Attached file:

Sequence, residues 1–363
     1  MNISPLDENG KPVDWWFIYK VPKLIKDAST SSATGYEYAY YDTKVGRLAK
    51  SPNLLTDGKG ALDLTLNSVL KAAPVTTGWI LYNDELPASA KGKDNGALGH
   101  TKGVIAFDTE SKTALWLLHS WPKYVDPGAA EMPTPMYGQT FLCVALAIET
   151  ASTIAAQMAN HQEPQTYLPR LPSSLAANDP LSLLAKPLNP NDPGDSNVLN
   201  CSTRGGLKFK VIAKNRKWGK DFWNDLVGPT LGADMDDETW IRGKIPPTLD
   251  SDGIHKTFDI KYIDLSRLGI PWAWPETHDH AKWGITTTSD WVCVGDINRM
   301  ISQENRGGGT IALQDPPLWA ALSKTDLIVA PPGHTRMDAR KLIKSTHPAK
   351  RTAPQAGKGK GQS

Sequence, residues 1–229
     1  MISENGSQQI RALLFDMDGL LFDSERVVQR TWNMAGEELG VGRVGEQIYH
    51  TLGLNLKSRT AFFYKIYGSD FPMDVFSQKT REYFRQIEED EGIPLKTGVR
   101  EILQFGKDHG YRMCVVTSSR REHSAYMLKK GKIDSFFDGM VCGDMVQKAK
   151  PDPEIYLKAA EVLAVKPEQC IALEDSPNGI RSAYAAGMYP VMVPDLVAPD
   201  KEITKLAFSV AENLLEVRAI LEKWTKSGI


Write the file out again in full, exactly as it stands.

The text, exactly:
Sequence, residues 1–363
     1  MNISPLDENG KPVDWWFIYK VPKLIKDAST SSATGYEYAY YDTKVGRLAK
    51  SPNLLTDGKG ALDLTLNSVL KAAPVTTGWI LYNDELPASA KGKDNGALGH
   101  TKGVIAFDTE SKTALWLLHS WPKYVDPGAA EMPTPMYGQT FLCVALAIET
   151  ASTIAAQMAN HQEPQTYLPR LPSSLAANDP LSLLAKPLNP NDPGDSNVLN
   201  CSTRGGLKFK VIAKNRKWGK DFWNDLVGPT LGADMDDETW IRGKIPPTLD
   251  SDGIHKTFDI KYIDLSRLGI PWAWPETHDH AKWGITTTSD WVCVGDINRM
   301  ISQENRGGGT IALQDPPLWA ALSKTDLIVA PPGHTRMDAR KLIKSTHPAK
   351  RTAPQAGKGK GQS

Sequence, residues 1–229
     1  MISENGSQQI RALLFDMDGL LFDSERVVQR TWNMAGEELG VGRVGEQIYH
    51  TLGLNLKSRT AFFYKIYGSD FPMDVFSQKT REYFRQIEED EGIPLKTGVR
   101  EILQFGKDHG YRMCVVTSSR REHSAYMLKK GKIDSFFDGM VCGDMVQKAK
   151  PDPEIYLKAA EVLAVKPEQC IALEDSPNGI RSAYAAGMYP VMVPDLVAPD
   201  KEITKLAFSV AENLLEVRAI LEKWTKSGI